The Psychiatric Quarterly

, Volume 22, Issue 1–4, pp 141–151 | Cite as

Clinical investigation of simple schizophrenia

  • Otto Kant


A group of 64 schizophrenic patients who had been diagnosed simple type was clinically investigated and the majority of these patients (55) personally examined. Though being much more inconspicuous than the other clinical subtypes, the simple type proved to be most characteristically schizophrenic as to heredity, personality make-up, early environmental situations and failure to shoulder normal responsibilities.

All patients were found to have evidenced some psychotic experiences or exhibited psychotic behavior other than disintegration either before or during their hospitalizations.

Whereas the simple schizophrenic apparently is in much better contact than other types of schizophrenic patients, disintegration is also a universal feature in this group.

Instead of psychotic fantasy-reaction, the simple schizophrenic tends to attempt reality-fulfillment of his basic drives on a primitive level.

Outstanding among the dynamic features are pre-psychotic lack of assertiveness and disorganized early home environments which did not provide satisfactory models for the development of the ego. While frequently overlapping, either one of these two features was present in every case.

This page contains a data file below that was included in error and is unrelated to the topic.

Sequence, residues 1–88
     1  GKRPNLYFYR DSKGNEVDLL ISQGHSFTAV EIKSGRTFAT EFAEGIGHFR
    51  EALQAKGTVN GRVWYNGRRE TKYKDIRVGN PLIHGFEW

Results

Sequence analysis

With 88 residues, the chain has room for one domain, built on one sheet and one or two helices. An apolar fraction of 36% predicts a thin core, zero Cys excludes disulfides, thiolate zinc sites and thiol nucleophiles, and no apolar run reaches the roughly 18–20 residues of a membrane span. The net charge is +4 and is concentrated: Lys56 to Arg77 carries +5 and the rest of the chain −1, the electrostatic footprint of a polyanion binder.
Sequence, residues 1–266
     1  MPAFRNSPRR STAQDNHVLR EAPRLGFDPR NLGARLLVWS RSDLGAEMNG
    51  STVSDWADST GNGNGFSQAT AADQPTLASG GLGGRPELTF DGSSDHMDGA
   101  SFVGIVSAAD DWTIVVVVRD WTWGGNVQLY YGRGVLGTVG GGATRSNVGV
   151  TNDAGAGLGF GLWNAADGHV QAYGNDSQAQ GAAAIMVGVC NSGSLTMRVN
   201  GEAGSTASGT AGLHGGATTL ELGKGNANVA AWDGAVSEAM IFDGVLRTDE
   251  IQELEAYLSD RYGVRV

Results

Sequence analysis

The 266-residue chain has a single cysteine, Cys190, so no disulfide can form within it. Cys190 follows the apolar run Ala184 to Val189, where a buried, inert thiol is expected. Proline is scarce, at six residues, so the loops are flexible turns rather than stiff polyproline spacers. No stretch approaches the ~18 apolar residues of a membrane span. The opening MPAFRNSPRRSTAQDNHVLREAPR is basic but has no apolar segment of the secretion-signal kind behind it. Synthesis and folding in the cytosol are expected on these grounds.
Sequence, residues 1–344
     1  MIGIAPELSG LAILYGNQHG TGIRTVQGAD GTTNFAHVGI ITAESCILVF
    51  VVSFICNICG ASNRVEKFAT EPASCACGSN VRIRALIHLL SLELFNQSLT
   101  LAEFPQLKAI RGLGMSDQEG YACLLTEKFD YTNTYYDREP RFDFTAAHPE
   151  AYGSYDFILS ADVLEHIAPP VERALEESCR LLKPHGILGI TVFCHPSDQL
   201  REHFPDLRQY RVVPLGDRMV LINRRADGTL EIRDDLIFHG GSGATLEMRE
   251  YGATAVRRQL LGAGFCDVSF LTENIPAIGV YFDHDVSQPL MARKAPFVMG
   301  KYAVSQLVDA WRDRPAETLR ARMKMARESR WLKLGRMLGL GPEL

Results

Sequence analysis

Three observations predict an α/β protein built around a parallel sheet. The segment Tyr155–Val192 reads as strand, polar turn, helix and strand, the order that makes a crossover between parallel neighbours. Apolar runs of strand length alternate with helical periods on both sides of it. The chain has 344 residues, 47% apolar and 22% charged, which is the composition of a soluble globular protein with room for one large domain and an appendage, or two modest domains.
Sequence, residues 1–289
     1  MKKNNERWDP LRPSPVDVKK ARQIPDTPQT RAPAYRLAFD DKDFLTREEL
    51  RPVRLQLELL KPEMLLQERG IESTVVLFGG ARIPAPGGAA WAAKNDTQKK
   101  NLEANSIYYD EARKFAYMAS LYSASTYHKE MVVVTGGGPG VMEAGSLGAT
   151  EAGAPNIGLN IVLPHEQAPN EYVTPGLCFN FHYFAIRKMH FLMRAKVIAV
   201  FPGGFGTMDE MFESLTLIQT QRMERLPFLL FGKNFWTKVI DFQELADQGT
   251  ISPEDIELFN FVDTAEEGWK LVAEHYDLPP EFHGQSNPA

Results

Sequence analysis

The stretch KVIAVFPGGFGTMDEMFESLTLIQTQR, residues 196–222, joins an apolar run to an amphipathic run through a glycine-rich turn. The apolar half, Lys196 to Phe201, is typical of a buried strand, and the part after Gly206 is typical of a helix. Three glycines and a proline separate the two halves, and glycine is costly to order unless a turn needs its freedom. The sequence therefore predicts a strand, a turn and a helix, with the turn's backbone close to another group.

Schizophrenia Schizophrenic Patient Simple Type Psychotic Experience Sexual Adjustment 
These keywords were added by machine and not by the authors. This process is experimental and the keywords may be updated as the learning algorithm improves.


Unable to display preview. Download preview PDF.

Unable to display preview. Download preview PDF.


  1. 1.
    Malamud, William, and Render, Norman: Course and prognosis in schizophrenia. Am. J. Psychiat., 95:1039, March 1939.Google Scholar
  2. 2.
    Kant, O.: The incidence of psychoses and other mental abnormalities in the families of recovered and deteriorated schizophrenic patients.Psychiat. Quart., 16:176–190, January 1942.CrossRefGoogle Scholar
  3. 3.
    Kallmann, Franz J.: The Genetics of Schizophrenia. J. J. Augustin. New York. 1938.Google Scholar
  4. 4.
    Kant, O.: Clinical analysis of schizophrenic deterioration.Psychiat. Quart., 17:426–445, July 1943.CrossRefGoogle Scholar
  5. 5.
    Kant, O.: Differential diagnosis of schizophrenia in the light of the concept of personality-stratification. Am. J. Psychiat., 97: 2, 342–357, September 1940.Google Scholar
  6. 6.
    Malamud, William, and Malamud, Irene: A socio-psychiatric investigation of schizophrenia occurring in the armed forces. Psychosom. Med., 5:364–375, October 1943.Google Scholar
  7. 7.
    Rosenzweig, Saul: Sibling death as a psychological experience with special reference to schizophrenia. Psychoan. Rev., 30:2, 177–186, April 1943.Google Scholar
  8. 8.
    Blum, Gerald S., and Rosenzweig, Saul: The incidence of sibling and parental deaths in the anamnesis of female schizophrenics. J. Gen. Psychol., 31: 3–13, July 1944.Google Scholar

Copyright information

© The Psychiatric Quarterly 1948

Authors and Affiliations

  • Otto Kant
    • 1
  1. 1.Research ServiceWorcester State HospitalWorcester

Personalised recommendations